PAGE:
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Adequate oral health care is a consistent issue in many communities throughout the United States, but especially in rural communities. Oral diseases can significally limit the ability to eat and speak as well as negatively impact the appearance of the affected person. The consequences encompass decreased economic growth and lowered quality of life. Rural communities have less access to dental care and higher rates of oral diseases.

According to NRHA’s 2013 policy brief, Rural America’s Oral Health Care Needs and WWAMI’s The Crisis in Rural Dentistry, rural residents have lower rates of dental care utilization and have higher rates of tooth decay and permanent tooth loss.

This SCRHRC, 2012 study shows that children in rural areas are less likely than children in urban areas to have received any dental care in the previous year (23.4% versus 22.3%). Further, children in rural communities were less likely to receive preventive dental care than those living in urban environments (29.3% versus 27.5%).

2020  Oral Health Report

On January 25, 2019, following the Surgeon General’s request for comments on its forthcoming 2020 Oral Health Report, NRHA submitted a comment letter to the Office of the Surgeon General, outlining our recommendations to improve oral healthcare in vulnerable rural areas.

NRHA made a series of recommendations:

  1. NRHA encourages the continued use of evidence-based strategies to reduce oral health disparities in rural America.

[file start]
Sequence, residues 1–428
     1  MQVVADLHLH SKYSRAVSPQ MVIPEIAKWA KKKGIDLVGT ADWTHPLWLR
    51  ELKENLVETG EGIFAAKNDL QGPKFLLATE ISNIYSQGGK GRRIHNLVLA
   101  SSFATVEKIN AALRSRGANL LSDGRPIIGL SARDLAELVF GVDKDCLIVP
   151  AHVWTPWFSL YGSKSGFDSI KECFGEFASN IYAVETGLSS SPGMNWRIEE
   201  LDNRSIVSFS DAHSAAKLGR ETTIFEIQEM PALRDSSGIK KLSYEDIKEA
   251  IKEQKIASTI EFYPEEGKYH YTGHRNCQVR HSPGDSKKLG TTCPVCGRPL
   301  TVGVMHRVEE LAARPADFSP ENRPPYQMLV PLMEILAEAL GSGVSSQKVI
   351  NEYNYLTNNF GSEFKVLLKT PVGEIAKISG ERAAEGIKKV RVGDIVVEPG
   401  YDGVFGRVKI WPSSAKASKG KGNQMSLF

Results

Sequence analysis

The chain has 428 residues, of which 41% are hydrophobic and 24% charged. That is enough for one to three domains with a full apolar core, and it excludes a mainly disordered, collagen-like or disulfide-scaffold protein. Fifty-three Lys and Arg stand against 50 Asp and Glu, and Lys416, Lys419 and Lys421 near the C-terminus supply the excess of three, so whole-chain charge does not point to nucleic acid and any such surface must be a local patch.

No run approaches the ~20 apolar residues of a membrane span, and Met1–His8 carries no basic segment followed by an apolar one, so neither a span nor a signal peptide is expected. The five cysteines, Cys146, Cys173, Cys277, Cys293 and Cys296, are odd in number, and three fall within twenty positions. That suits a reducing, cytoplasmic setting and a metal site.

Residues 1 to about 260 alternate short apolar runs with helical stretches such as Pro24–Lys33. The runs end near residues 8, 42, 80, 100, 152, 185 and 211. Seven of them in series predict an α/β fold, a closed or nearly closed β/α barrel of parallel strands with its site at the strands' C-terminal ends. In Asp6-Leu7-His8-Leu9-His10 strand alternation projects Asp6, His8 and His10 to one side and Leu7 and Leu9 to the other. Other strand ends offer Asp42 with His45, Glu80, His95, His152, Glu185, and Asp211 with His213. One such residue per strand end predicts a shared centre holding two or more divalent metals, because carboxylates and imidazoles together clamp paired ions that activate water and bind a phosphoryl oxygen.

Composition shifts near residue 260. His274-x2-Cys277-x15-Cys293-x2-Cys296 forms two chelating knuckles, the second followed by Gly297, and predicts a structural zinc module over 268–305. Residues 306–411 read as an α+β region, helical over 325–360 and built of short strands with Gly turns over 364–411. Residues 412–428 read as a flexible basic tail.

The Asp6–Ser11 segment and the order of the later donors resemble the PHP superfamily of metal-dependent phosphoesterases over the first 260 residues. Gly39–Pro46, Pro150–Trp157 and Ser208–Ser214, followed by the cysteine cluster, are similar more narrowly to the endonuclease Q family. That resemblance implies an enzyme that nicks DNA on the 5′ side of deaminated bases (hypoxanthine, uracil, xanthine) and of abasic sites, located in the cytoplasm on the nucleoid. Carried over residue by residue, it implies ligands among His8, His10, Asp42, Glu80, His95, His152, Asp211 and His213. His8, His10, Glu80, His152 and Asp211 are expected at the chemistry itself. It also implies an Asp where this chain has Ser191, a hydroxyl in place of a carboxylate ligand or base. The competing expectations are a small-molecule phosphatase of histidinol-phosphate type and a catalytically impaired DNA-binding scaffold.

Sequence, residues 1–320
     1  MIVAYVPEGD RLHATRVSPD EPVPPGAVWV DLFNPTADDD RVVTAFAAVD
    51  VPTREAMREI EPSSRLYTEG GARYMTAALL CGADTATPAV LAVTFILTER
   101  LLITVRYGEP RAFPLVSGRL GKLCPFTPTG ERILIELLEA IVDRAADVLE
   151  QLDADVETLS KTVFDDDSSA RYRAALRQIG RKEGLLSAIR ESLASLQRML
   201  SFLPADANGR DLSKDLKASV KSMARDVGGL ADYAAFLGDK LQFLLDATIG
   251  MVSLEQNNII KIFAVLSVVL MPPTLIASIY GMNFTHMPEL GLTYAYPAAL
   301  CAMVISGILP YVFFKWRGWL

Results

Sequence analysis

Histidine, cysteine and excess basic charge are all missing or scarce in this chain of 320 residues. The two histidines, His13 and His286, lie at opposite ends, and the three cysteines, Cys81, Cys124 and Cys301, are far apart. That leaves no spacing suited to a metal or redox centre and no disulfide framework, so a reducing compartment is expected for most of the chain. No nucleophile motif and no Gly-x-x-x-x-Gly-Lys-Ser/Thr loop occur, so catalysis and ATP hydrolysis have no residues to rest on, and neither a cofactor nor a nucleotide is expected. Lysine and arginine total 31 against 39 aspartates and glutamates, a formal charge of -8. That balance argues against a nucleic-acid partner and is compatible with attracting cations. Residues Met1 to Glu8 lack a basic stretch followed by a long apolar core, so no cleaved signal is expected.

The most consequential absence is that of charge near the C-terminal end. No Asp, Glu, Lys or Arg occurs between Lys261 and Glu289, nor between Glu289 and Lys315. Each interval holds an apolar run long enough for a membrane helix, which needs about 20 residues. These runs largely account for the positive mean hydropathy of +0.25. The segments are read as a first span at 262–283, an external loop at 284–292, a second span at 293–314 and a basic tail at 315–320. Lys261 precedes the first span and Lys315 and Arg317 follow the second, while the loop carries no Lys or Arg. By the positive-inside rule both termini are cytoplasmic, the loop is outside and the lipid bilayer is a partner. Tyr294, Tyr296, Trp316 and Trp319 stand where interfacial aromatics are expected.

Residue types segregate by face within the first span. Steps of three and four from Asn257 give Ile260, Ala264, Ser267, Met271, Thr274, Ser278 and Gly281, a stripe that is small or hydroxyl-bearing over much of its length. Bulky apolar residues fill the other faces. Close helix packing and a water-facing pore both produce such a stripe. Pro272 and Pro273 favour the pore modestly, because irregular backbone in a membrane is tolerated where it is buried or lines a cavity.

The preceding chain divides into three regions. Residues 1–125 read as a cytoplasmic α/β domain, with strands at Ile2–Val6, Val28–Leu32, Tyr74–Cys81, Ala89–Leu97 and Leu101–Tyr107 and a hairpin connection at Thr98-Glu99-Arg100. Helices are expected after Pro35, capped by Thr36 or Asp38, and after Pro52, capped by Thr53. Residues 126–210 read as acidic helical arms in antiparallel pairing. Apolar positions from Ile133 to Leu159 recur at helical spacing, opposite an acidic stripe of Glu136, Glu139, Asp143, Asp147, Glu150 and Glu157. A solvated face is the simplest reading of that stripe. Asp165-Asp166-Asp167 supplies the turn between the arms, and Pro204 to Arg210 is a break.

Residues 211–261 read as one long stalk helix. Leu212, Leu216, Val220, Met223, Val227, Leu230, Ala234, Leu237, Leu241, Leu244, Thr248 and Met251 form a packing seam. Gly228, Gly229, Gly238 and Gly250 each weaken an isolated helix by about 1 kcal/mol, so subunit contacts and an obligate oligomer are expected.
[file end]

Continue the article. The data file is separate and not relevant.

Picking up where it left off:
1. NRHA supports the expansion of oral healthcare access through workforce capacity growth. 
  1. NRHA believes in strengthening public health initiatives to support the health of residents in underserved rural communities. 
  1. NRHA also supports innovate Public-private partnerships to deliver better oral health results.

These broad recommendations will require the application of rural challenges to allow them to be targeted to rural populations and thereby improve oral health in America

Factors of Dental Inequality

The National Committee on Rural Health and Human Services (2004), names the following contributing factors to accessing dental care in rural America.

  1. Geographic isolation
  1. Lack of adequate transportation
  1. Higher rate of poverty compared to metro areas
  1. Large elderly population (with limited insurance coverage of oral health services)
  1. Acute provider shortages
  1. State-by-state variability in scope of practice
  1. Difficulty finding providers willing to treat Medicaid patients
  1. Lack of fluoridated community water
  1. Poor oral health education
Percentage of State Population Living in a Dental Health Professional Shortage Area (HPSA) from NCLSL

Quality Oral Health for Rural Americans

Oral health is an important segment of overall health. Unfortunately, not all Americans enjoy the same level of care. Rural communities face many barriers to quality care and thus have higher incidences of Oral Diseases. The situation demands coordinated efforts to retarget the available resources into improving the oral health status of rural Americans.

If your facility could use help finding solutions to any of the daily challenges you face in serving your patients’ needs, please get in touch. At AB Med, we are proud to support our Rural Healthcare Heroes!

We at AB Med are excited to talk to you, contact us

Rural Health is our passion and focus Let’s Connect.

By: Aikaterini Papadopoulou, B.Arch


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Erik Mclaughlin
Erik McLaughlin MD, MPH
Chief Medical Officer
Innovative Solutions for your Healthcare Needs

My team consists of a variety of healthcare experts that are at your disposal. For insight into how we can figure out solutions for your community, let’s talk.